It is never easy to accept the fact that one of your parents may be better off living in an assisted living facility. Having full confidence in the facility you and your loved one choose can soften the blow, but regrettably, many American nursing homes and continuing care facilities fail to maintain adequate staff.
When nursing homes are understaffed and their workers are stretched too thin, the quality of care your loved one will receive is likely to suffer.
What is behind the understaffing issue?
In some cases, nursing homes choose not to hire enough employees for no reason other than to increase a facility’s profits. Often, nursing homes have a hard time holding on to quality doctors and nurses, both because they often struggle to pay as much as hospitals and traditional doctor’s offices, and because of the inherently high-stress nature of the job.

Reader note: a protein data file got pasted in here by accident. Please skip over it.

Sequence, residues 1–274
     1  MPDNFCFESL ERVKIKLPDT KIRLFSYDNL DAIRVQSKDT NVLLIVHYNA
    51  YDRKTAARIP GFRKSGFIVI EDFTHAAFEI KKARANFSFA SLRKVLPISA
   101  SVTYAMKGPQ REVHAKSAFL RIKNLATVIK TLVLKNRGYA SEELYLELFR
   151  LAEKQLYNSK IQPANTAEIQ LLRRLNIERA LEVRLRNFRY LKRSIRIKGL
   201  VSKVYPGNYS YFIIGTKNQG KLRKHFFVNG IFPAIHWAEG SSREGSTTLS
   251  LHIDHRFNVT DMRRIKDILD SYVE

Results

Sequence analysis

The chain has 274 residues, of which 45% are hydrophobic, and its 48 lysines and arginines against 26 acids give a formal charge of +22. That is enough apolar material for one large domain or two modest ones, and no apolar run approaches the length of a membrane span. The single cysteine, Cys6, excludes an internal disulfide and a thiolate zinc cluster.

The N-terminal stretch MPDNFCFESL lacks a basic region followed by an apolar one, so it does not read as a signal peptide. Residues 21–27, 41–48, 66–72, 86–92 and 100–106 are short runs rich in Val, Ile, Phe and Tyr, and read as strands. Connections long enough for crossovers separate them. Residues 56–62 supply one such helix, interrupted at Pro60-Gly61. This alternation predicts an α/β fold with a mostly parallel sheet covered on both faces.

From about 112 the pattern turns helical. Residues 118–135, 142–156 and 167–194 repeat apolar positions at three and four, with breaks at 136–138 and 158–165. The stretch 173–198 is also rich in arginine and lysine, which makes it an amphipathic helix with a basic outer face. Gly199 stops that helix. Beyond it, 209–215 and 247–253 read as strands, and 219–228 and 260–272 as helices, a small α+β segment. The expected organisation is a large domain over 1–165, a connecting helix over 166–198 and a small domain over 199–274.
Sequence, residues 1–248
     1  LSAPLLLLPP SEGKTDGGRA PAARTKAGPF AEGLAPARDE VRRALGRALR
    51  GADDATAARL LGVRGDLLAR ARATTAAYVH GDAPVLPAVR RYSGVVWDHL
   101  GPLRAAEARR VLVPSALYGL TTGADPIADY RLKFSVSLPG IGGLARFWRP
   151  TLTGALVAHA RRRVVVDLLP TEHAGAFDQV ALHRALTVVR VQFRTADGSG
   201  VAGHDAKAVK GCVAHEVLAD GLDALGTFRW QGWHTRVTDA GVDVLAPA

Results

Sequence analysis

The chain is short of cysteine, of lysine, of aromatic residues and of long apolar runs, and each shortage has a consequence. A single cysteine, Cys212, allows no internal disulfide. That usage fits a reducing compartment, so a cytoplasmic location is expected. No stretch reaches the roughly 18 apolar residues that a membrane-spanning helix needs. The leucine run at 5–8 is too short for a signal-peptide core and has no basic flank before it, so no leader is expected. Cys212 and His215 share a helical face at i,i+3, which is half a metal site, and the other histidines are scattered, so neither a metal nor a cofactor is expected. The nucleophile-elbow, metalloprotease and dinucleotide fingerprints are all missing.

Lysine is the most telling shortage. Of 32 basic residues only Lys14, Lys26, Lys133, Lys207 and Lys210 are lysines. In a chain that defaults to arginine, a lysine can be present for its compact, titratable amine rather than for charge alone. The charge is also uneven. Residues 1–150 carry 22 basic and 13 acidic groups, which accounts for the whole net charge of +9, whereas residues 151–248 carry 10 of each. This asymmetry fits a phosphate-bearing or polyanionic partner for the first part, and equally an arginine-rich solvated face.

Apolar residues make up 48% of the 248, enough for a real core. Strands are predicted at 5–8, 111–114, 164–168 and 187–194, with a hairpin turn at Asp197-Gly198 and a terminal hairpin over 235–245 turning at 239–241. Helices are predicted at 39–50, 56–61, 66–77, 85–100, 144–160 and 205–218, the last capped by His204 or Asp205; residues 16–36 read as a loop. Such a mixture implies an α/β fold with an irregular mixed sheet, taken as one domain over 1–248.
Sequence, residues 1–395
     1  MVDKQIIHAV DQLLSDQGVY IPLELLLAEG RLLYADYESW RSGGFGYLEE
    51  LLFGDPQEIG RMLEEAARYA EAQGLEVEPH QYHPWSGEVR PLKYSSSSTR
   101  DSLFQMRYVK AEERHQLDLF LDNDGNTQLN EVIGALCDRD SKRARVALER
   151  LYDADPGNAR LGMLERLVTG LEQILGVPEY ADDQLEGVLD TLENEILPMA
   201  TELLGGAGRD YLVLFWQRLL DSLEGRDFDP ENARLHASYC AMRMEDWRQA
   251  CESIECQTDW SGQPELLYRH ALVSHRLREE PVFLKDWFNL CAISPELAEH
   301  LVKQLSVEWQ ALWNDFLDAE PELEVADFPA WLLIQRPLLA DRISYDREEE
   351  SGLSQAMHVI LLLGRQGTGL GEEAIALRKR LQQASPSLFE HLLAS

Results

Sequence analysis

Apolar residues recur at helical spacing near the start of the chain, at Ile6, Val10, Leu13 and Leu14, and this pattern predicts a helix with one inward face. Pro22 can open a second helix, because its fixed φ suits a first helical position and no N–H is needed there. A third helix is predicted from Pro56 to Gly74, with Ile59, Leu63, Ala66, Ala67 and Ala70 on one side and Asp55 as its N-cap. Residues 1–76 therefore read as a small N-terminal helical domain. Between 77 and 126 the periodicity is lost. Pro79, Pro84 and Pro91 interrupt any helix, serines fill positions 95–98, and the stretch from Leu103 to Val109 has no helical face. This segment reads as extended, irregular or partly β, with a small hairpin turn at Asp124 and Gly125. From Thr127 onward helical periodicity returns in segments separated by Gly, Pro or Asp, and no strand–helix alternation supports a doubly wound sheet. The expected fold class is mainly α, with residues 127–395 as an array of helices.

Once an understaffing issue begins to develop, it can also start something of a domino effect. Without sufficient staff, employees have no choice other than to pick up extra tasks and duties, and this can lead to bitterness and irritation, which in turn can lead even more staff members to quit.
Repercussions associated with understaffing
When there are not enough staff members available to cater to patient needs, the overall quality of care your loved one will receive tends to suffer. In some cases, patients who are largely immobile are among those who suffer most because these residents depend on staff to feed them, clothe them, bathe them and so on. If your loved one does not get enough motion or exercise, bed sores and muscle atrophy can develop.
When nursing home staff members are overtired, they also become more likely to make mistakes or lash out at patients. For example, nurses trying to do too much may mistakenly administer the wrong medication, or the wrong dose of the right medication.
These are just some of the problems that result from understaffed nursing homes. If you have concerns about the quality of care your loved one is receiving, speak up.